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Billings LGBTQ+ organizations share local resources following Colorado nightclub shooting



Billings, Montana – At least five people were killed and 18 others were hurt in a shooting late on Saturday night at an LGBTQ+ nightclub in Colorado Springs, CO.

Local LGBTQ+ organizations in Billings have responded to the shooting by providing services and assistance to individuals who are dealing with the terrible incident.

“As I understand last night, the reason this didn’t get really bad was that the LGBT community turned on that shooter. (They) subdued them really quickly. To me, that’s what we have to do. We have to be more aware of our surroundings,” says Walt Donges, the president of 406 Pride, on Sunday. “As LGBT community, we are constantly looking at our environment to make sure that we are safe. That’s how we are conditioned. We can be attacked at any point and time, at any minute of the day.”

The downtown Billings LGBTQ+ resource center 406 Pride attempts to give individuals in need of its access to resources, information, and a secure environment.

“What do we do? We do the only thing that the LGBTQ community can do at this point and time, especially a nonprofit. And that is we stand up, and we speak out. We become, of course, targets,” Donges says.

In order to address safe spaces for the LGBTQ+ community, Donges says 406 Pride met with Riverstone Health and the Billings Clinic during the summer.

“We talked about little things that LGBT people are looking for, for that sign of security. It can be a little tiny pen with a rainbow on it, and we’ll know we’re basically going to be in a safe space,” Donges explains.

According to Donges, members of the LGBTQ+ community are constantly alert and searching for cues that the area they are in is welcoming to them. He adds that community allies can support one another at this difficult time by speaking up and offering encouragement.

“Allies please just step up and show your support. Reach out to those that you love, because that’s really what it’s all about. If we don’t have family that we carry with us when we come out, then we create our own family. And that’s the LGBT community many times, and we watch out for each other,” Donges explains. “But allies, man, we love you. We need you, we respect all of the stuff that comes with not understanding fully, the queer situation, but the allies, just reach out and be there.”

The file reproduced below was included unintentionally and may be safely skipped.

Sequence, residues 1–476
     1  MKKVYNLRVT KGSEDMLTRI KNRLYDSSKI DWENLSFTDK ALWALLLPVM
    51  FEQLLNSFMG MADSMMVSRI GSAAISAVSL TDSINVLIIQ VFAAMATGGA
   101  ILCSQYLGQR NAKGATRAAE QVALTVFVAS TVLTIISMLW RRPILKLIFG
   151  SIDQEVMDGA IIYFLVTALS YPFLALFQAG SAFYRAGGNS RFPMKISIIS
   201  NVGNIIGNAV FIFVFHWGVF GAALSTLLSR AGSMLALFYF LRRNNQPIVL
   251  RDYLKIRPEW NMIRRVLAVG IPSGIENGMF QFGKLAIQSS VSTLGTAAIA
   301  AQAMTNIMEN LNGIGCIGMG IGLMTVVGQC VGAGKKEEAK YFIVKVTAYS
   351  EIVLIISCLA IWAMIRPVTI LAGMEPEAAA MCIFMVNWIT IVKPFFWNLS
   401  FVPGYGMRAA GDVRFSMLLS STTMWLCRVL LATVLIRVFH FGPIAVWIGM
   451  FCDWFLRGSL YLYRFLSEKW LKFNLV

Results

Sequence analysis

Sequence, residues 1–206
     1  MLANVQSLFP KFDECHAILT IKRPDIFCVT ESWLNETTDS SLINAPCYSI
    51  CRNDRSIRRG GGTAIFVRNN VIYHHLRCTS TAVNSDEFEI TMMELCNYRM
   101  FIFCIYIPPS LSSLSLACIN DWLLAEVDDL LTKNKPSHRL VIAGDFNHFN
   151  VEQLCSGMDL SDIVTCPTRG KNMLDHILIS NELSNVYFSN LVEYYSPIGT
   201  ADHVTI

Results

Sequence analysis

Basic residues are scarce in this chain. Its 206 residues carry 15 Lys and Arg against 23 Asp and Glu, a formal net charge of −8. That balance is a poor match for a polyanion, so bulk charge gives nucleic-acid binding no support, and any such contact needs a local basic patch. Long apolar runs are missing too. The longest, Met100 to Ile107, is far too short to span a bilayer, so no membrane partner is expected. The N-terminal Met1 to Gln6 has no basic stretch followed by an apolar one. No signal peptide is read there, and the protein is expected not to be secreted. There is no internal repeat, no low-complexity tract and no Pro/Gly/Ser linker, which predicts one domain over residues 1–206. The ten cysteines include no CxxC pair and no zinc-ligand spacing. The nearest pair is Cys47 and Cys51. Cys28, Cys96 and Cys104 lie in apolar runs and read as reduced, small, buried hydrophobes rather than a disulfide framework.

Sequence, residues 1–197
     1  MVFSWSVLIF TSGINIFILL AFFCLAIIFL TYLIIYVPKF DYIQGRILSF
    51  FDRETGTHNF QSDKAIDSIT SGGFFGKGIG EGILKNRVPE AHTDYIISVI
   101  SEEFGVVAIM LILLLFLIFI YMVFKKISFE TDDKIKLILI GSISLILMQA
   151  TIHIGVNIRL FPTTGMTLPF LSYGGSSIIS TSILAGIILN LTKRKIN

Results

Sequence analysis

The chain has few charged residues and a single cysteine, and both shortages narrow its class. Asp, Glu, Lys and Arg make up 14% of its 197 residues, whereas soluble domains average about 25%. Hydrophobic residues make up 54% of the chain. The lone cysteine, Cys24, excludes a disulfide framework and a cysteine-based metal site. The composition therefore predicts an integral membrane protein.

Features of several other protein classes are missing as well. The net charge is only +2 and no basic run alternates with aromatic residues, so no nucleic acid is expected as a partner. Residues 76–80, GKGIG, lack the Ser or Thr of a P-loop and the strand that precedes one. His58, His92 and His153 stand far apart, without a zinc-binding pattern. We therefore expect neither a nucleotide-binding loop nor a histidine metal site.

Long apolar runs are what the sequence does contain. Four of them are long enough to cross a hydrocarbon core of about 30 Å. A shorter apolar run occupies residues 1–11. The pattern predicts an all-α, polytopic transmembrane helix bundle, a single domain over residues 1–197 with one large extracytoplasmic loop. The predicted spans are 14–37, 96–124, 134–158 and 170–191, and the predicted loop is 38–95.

The Billings Transgender Alliance, Not in Our Town, and 406 Pride are all excellent local resources for the Billings LGTBQ+ community, according to Zack Smith, founder and CEO of the Billings Transgender Alliance. Smith adds that a weekly drop-in meeting for LGBTQ+ community members and allies in middle and high school is organized by Rainbow Coffee House.

Every Thursday in Billings, Grace United Methodist Church hosts weekly Rainbow Coffee House gatherings. The church strives to welcome everyone and is fully inclusive.

One of the organizers from Grace United Methodist Church, Pastor Sam Beaves-Fisher spoke on Sunday about the value of organizations like this one.

“Rainbow Coffee House started when some older women in the congregation saw a need for middle school and high school kids to have a place to go. Today that program serves roughly 25 kids a week, who all identify as queer. We offer education, we do STD testing, and we offer support. We have trained therapy on site every time we gather from a grant from Riverstone Health,” Beaves-Fisher explains. “This space really is about creating a community where people who identify as queer, especially our youth who don’t feel safe in the community, can be 100% themselves.”

Voting and education are also crucial, according to Beaves-Fisher, in order to stop incidents like this from happening again.

“When we think about future generations of children and kids and young adults who are feeling isolated and alone, and we refuse to address issues of gun violence in our country, we’re going to continue to see marginalized populations attacked senselessly until we stand up and do something different,” Beaves-Fisher explains. “This is an opportunity for us all to stand up and instead of waiting until we get to that point, let’s start that conversation and make those changes before we’re the next community that sees a senseless act of violence.”

The best course of action in trying circumstances, says Walt Donges of 406 Pride, is to ask for help and extend that help to people around you. Donges argues that it’s important for supporters and members of the LGBTQ+ community to speak out.

“This whole effort to come into our safe space, the bars, the pubs that we frequent, our safe spaces where we can connect. Our churches. To have people come in there and murder us, I believe the entire United States of America needs to look at that, and say when is enough, enough?” Donges explains. “To live in fear is not to live. The entire society has moved very rapidly towards living in fear constantly. Guess what’s very easy to control? People living in fear.”